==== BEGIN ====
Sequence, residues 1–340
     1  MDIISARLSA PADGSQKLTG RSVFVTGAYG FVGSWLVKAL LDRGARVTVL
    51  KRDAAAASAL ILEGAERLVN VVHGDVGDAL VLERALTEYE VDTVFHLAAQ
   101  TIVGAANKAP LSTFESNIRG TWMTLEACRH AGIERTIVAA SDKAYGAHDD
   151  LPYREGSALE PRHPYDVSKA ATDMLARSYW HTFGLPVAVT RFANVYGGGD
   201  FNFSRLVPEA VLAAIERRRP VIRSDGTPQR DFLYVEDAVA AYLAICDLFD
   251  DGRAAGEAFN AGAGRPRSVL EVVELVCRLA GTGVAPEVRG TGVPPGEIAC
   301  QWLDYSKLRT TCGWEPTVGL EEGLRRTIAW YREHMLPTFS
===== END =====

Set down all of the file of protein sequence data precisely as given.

Sequence, residues 1–340
     1  MDIISARLSA PADGSQKLTG RSVFVTGAYG FVGSWLVKAL LDRGARVTVL
    51  KRDAAAASAL ILEGAERLVN VVHGDVGDAL VLERALTEYE VDTVFHLAAQ
   101  TIVGAANKAP LSTFESNIRG TWMTLEACRH AGIERTIVAA SDKAYGAHDD
   151  LPYREGSALE PRHPYDVSKA ATDMLARSYW HTFGLPVAVT RFANVYGGGD
   201  FNFSRLVPEA VLAAIERRRP VIRSDGTPQR DFLYVEDAVA AYLAICDLFD
   251  DGRAAGEAFN AGAGRPRSVL EVVELVCRLA GTGVAPEVRG TGVPPGEIAC
   301  QWLDYSKLRT TCGWEPTVGL EEGLRRTIAW YREHMLPTFS